• Significance of the centre: it will seek to set policies and standards on traditional medicine products and help countries create a comprehensive, safe, and high-quality health system.
  • The GCTM will support efforts to implement the WHO’s Traditional Medicine Strategy (2014-23): which aims to support nations in developing policies & action plans to strengthen the role of traditional medicine in pursuing the goal of universal health coverage.
  • According to WHO estimates, 80% of the world’s population uses traditional medicine.
  1. WHO South-East Asia Region commits to further enhance efforts to end TB, adopt Gandhinagar Declaration(The Hindu)

Syllabus:  GS-III, Polity and Governance;

Context: The WHO South-East Asia Region recently committed to further accelerate efforts to end tuberculosis by 2030, with member countries adopting the Gandhinagar Declaration.


What is Gandhinagar Declaration?

  • It was adopted at the end of the two-day meeting held in Gandhinagar, Gujarat, to follow up on the progress made to end tuberculosis (TB) by the countries of the WHO South-East Asia Region.
  • The Declaration calls for establishing high-level multisectoral commission reporting to the highest political level in each country for synergy of efforts among various stakeholders and to monitor progress towards ending TB and other priority diseases.
  • These high-level multisectoral commission on TB could also help build responsive health systems and advance universal health coverage and health security.
  • The declaration calls for ensuring appropriate adoption and use of science and technology for equitable and human rights-based TB services that are accessible to all, irrespective of any social, cultural, or demographic divide, through an integrated, primary health care approach. 
  • It emphasises on the allocation of necessary resources to meet TB service coverage targets and address social determinants to have a multi-disease impact.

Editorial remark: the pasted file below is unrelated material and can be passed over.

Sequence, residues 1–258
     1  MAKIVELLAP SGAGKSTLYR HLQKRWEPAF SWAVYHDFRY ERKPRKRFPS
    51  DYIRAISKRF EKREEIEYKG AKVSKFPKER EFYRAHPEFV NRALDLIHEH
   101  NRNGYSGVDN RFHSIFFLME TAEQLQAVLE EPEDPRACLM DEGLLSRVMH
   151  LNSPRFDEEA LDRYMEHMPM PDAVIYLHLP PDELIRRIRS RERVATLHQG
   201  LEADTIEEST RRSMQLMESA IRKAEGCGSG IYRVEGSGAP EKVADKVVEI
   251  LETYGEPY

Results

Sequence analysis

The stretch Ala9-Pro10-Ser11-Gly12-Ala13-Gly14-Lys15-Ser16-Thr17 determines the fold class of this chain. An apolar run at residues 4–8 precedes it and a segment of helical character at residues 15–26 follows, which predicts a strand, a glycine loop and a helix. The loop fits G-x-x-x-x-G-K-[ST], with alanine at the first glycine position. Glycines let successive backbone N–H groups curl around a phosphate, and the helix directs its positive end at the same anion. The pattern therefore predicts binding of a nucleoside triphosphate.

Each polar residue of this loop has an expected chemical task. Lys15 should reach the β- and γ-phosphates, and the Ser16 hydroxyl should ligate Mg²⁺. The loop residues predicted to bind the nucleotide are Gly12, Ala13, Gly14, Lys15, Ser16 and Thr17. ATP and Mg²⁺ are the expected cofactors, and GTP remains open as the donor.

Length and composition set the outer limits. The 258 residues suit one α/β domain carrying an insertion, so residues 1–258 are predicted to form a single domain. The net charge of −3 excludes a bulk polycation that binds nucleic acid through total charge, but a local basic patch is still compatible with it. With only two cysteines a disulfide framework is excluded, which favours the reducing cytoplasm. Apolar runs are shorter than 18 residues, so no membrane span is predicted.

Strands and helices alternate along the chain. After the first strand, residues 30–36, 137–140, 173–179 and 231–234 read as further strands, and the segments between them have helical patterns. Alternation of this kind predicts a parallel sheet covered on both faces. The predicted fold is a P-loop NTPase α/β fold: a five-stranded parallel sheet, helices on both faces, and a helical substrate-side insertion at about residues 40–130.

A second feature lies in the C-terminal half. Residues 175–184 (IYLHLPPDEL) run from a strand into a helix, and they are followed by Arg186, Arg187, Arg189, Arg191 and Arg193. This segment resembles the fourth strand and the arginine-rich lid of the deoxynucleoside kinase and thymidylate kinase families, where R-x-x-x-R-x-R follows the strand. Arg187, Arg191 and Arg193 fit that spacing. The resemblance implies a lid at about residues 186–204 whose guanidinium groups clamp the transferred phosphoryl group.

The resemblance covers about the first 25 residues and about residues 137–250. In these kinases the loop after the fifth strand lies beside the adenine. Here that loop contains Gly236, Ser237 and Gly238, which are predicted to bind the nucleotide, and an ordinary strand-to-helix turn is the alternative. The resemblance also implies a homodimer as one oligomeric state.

• The declaration calls on WHO to maintain TB as a Flagship Priority Programme over the coming years and provide leadership and technical support to countries for sustained and accelerated approaches supported by research and innovation.
  • It calls upon all partners to enhance their support to end TB and priority diseases in the Region as per the UN Sustainable Development Goals target 3.3 – End the epidemics of AIDS, tuberculosis, malaria and neglected tropical diseases and combat hepatitis, water-borne diseases, and other communicable diseases.
  1. For 15-34 yr olds top concrn is jobs, economic struggles : Survey (Indian Express)

Syllabus:  GS-III, Economy;

Context: These findings, which are part of a report released by Lokniti-CSDS earlier this month, suggest that the youth identify challenges relating to the economy as the most significant facing the nation.


Key Highlights of Lokniti-CSDS’s survey:

  • More than one in three (36%) Indians between the ages of 15 and 34 believe unemployment is the biggest problem before the country.
  • About one in six (16%) think it is poverty, and 13% think it is inflation.
  • Concerns over Jobs –
    • The proportion of youth identifying unemployment as the biggest problem has increased by 18 percentage points from the results of a similar survey in 2016.
    • The share of those identifying price rise as the primary concern has increased by 7 percentage points.
    • It is particularly pronounced among middle-class youth.
    • Also, as many as 40% of highly educated respondents (graduate and above) identified unemployment as the most pressing concern.
      • In contrast, only 27% of non-literate individuals cited unemployment as their primary concern, likely due to their greater willingness to take on a range of jobs.
    • 42% of men said unemployment was the most significant problem; among young women, this number was 31%.
  • Occupational Status –
    • Almost half of respondents (49%) said they were engaged in some form of work — 40% had full-time jobs; 9% were working part-time.
    • Almost a fourth (23%) of youth with jobs were self-employed.
    • 16% were professionals such as doctors or engineers,15% were involved in agriculture, and semi-unskilled and skilled workers made up 27% of the total.
    • Only 6% were in government jobs.
  • Government Job vs Private Job –
    • Asked to choose from a government job, a private job, or setting up their own business.
    • Three out of five respondents chose government jobs, and more than one out of four opted for own business.
  1. Now, drones to monitor MGNREGA worksites (The Hindu)

Syllabus:  GS-II, Polity and Governance; GS-III, Science and Tech;

Context: Union government SOP permits drone usage for investigating corruption complaints or other violations at MGNREGA worksites; States will not get additional funds for drones.


  • The drones will be used for four types of monitoring:
    • surveying the ongoing works,
    • inspecting the completed works,
    • impact assessment, and
    • special inspection in case of complaints.

What is MGNREGA?

  • The Mahatma Gandhi National Rural Employment Guarantee Act (MGNREGA), also known as Mahatma Gandhi National Rural Employment Guarantee Scheme (MNREGS) is Indian legislation enacted on August 25, 2005.

Key Features: